The Panorama Lounge is the ship’s social hub, but the addition of the Amadeus Club at the rear – replacing the indoor pool seen on previous vessels – offers a quieter space to enjoy free tea and coffee in the mornings or a peaceful spot after lunch.

There’s also a massage room and 24-hour fitness centre, while the sun deck is home to shuffleboard and chess. With local wines included at dinner (chargeable at other times, from €6.50 for wine by the glass and beer from €3.90), there are plenty of opportunities to discover why the southern Rhine is such a renowned winemaking region.

The daily changing menu in the restaurant also reflects local tastes, with Dutch bitterballen (meatballs), French duck à l’orange or German spätzle (egg noodles), depending on where the ship is sailing, along with international favourites.

Walking tours

With so much food on offer, it’s a good thing that river cruising lives up to its reputation for exploring on foot, offering the chance to burn a few calories as we walked the cities and towns along the Rhine.

We explored cities from Cologne – with its famous cathedral, one of few buildings to survive Second World War bombing – to Koblenz, where we spent a pleasant morning strolling through the cobbled arcades of a city at the confluence of the Rhine and Moselle.

In the pretty town of Rüdesheim, we opted for a bird’s-eye view over the vineyards with a cable car ride. The highlights were yet to come, however.

The small city of Speyer proved a stunner with its charming historic centre, bookended by the cathedral to one side and Altportel (historic gate) at the other, plus the impressive Lutheran history on show in the Gedächtniskirche der Protestation. There were more sacred sights across the border in France, where Strasbourg’s incredible Notre Dame Cathedral – once the tallest in the world – took four centuries to build.

Step inside to admire its medieval stained-glass windows, a 13th-century ‘pillar of the angels’ intricately carved from a single piece of rock, the grand organ and 500-year-old sandstone pulpit, plus the mind-blowingly beautiful astronomical clock, which charts not only the time but also the position of planets and stars – making it so much more than a simple timepiece.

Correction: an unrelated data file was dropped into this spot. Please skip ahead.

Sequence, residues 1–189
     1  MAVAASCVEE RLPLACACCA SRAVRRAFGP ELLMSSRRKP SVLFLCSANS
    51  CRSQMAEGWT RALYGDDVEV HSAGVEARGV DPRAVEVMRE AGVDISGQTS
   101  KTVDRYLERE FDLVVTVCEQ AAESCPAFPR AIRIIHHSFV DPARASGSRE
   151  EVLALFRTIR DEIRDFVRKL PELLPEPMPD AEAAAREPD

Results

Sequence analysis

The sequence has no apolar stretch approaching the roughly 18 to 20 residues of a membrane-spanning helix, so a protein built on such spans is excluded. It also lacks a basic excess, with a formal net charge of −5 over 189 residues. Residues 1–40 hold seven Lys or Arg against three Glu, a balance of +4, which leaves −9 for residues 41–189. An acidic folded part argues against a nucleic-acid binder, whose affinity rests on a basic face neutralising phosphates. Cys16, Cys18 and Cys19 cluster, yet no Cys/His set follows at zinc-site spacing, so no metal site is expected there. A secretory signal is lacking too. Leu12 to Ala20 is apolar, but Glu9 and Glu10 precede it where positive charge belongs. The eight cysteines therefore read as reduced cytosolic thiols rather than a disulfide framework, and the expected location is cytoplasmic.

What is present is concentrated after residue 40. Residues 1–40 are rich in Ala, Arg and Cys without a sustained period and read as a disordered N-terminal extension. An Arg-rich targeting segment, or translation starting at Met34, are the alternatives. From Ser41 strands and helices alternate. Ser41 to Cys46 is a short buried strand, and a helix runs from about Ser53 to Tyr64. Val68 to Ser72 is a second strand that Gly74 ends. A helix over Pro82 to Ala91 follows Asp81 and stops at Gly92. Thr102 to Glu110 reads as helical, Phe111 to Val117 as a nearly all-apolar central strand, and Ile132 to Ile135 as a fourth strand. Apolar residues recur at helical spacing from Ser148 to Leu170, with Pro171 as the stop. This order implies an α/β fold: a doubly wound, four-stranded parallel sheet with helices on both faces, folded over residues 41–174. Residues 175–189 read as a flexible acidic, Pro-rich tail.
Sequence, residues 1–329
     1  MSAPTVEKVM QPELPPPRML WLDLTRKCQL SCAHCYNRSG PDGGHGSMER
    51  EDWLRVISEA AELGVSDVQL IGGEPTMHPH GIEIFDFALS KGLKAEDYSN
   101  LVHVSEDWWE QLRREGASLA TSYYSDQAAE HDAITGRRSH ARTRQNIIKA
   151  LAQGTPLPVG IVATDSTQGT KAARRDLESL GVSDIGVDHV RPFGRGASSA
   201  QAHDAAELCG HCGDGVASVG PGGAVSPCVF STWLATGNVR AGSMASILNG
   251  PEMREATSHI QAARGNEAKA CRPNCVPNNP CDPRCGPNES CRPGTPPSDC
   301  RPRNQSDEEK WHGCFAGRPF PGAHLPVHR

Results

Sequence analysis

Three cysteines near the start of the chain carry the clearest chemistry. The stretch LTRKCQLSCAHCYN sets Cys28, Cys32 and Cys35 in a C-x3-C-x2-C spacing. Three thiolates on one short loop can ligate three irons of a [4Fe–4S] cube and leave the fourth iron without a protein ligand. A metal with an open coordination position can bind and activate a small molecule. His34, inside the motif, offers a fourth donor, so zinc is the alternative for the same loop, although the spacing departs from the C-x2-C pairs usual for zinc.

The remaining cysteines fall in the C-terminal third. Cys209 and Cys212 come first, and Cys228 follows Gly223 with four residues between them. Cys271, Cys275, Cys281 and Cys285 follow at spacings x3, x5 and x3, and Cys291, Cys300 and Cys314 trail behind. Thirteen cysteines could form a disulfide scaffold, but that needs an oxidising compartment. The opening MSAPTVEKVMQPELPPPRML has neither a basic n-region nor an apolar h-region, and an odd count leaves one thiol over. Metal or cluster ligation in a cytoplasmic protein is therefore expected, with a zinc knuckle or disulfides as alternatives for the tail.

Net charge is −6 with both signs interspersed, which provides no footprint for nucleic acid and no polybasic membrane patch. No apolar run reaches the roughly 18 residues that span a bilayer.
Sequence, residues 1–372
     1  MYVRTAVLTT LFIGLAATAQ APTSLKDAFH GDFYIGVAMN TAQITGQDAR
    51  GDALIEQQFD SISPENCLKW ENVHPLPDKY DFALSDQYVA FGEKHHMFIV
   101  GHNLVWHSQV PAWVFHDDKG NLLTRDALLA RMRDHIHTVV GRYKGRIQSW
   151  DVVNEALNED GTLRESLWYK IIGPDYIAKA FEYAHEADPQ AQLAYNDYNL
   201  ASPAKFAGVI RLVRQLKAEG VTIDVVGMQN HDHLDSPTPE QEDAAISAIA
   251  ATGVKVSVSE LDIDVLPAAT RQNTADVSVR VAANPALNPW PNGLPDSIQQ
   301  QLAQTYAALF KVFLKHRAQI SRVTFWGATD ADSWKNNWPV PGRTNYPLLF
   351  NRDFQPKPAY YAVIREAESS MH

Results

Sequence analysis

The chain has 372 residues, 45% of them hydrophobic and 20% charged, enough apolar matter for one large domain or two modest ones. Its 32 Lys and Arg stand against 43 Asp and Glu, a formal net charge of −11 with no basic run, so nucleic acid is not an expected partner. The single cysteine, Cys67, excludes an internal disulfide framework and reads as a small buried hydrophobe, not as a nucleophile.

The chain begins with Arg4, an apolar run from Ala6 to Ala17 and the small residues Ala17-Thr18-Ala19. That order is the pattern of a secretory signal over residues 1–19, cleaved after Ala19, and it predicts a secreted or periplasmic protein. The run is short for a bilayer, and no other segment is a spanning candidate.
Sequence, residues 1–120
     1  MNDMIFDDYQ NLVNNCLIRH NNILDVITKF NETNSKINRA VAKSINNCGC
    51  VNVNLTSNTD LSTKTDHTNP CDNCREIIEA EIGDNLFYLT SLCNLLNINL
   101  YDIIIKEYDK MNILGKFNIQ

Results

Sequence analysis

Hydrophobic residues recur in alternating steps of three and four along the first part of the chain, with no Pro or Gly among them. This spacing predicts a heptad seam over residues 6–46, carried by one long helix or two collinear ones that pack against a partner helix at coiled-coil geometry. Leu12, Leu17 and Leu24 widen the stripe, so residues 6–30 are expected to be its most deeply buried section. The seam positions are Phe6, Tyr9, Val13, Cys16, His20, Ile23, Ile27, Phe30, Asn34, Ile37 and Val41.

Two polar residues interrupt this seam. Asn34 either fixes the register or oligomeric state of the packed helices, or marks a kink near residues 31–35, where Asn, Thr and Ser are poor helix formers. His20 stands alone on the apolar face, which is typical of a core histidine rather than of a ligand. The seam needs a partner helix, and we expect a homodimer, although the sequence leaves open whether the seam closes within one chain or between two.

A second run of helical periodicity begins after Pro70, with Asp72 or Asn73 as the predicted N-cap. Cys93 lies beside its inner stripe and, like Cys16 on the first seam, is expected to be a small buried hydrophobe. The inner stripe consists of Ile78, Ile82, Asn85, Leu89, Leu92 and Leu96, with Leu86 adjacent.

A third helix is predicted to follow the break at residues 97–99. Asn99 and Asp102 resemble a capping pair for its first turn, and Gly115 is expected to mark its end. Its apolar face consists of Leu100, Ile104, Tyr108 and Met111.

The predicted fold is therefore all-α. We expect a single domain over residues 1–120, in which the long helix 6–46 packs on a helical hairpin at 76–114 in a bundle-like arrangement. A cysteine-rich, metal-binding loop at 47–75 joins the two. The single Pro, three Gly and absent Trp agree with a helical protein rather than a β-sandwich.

After a journey across borders, going from river to rail by steam, sail and more in between, it seemed fitting to end by staring at the stars, dreaming of the next adventure.


Helping hands

Tracey Fitzsimmonspell, tour manager, Great Rail Journeys

“[Having a tour manager] is about peace of mind, from the minute you leave to the minute you get home. It makes the beginning of the journey that little bit easier – making sure people have their tickets and they’re on the right carriage. I love the fact that I’ve helped customers who would never do the trip on their own.”

Kate Leigh, cruise manager, Great Rail Journeys

“A lot of our demographic don’t want to fly anymore, so to be able to get on a train and be fully escorted is ideal. We get to know the clients and take the time to talk to them, and when I’m talking about the activities each day, I always point out the alternatives because it’s not one size fits all. We can go the extra mile because we have the time to do it.”

Mercedes Ojeda, cruise director, Amadeus River Cruises

“We make the connection between the hotel managers and the tour leaders. We speak different languages, and I help with excursions and entertainment. This is a beautiful place to work and the Rhine is a very easy route to travel.”


Book it

Great Rail Journeys’ eight‑day itinerary The Majestic Rhine includes a week‑long cruise on Amadeus Star or Amadeus Imperial, starting at £1,895 per person based on a June 17 departure. The price includes Wi-Fi, gala dinner and drinks with dinner each night, return rail travel from London St Pancras, guided excursions, rail and coach travel throughout and inclusive luggage service.
greatrail.com

PICTURES: Shutterstock/Leonid Andronov; Katie McGonagle